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Showing posts from December, 2011

Book Review: Odd Girl Out by Rachel Simmons (Revised Edition)

The newly revised and updated edition of Odd Girl Out is a must have for every person who is parenting or educating a girl. This was the first book I grabbed once my fall classes were over. A bookshelf of books have been taunting me since August, but this is the one I had to read first. Why? I think it's because I have a daughter. She's eight and in the 3rd grade and we've already had two incidents involving bullying. The first was in preschool and the second was last year. Both incidents were handled by teachers are administrators in a manner that Simmons suggests in Chapter 12: the road ahead for teachers and administrators. That chapter gives some wonderful suggestions on how to set up a school or even a classroom to be as bully-proof as possible. Obviously no place can be bully-proof, but one thing that Simmons points out is that one way to address bullying is to have a transparent and predictable system of consequences. If a student knows that Sally and Maria are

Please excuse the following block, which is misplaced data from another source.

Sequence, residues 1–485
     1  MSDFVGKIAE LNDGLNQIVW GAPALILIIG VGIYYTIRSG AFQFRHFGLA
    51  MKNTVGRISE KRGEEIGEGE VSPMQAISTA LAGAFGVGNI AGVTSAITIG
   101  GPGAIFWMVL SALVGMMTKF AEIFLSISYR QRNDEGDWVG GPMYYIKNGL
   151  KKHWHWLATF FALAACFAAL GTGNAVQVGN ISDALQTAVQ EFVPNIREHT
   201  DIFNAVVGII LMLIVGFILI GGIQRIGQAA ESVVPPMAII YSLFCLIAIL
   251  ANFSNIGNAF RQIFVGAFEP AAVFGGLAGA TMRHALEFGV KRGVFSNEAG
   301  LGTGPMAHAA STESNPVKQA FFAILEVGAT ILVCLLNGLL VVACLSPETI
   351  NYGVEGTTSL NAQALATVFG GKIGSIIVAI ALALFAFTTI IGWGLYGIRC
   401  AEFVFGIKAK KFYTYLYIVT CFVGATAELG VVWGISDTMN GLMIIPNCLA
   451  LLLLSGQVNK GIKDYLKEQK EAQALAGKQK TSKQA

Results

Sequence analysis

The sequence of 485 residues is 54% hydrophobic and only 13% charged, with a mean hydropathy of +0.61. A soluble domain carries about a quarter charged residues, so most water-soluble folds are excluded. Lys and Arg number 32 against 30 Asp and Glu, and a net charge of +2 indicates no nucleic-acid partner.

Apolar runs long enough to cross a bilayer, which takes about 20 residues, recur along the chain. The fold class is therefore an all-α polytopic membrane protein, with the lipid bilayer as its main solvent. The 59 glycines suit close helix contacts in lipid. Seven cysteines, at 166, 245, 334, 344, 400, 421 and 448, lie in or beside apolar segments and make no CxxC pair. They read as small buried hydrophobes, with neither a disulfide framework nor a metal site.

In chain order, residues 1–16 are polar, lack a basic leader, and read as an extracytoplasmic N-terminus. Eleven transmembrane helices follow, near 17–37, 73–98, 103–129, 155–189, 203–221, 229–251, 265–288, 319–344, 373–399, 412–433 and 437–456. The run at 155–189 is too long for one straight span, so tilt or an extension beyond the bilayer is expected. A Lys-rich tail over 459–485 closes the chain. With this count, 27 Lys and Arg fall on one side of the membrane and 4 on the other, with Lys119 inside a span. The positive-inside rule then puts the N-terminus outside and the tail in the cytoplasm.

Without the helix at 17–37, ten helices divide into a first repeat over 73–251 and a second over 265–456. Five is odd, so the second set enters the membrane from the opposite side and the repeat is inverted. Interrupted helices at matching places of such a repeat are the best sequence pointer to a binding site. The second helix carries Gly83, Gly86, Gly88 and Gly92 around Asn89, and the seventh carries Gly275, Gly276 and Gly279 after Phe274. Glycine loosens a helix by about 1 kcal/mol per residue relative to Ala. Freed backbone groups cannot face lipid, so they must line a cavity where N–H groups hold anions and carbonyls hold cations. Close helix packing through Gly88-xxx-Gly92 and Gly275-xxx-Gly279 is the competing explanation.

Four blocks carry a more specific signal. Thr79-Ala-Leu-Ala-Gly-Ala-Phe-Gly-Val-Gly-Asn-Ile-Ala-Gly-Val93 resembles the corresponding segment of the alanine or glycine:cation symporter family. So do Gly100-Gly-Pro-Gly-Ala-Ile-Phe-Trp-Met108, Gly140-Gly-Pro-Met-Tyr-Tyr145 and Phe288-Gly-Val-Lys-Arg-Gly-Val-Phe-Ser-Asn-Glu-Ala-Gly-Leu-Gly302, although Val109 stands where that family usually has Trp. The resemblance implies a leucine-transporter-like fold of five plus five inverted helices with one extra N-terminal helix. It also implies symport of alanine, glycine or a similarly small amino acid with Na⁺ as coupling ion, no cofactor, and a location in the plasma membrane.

2011 Feminista Travel Log: Everywhere else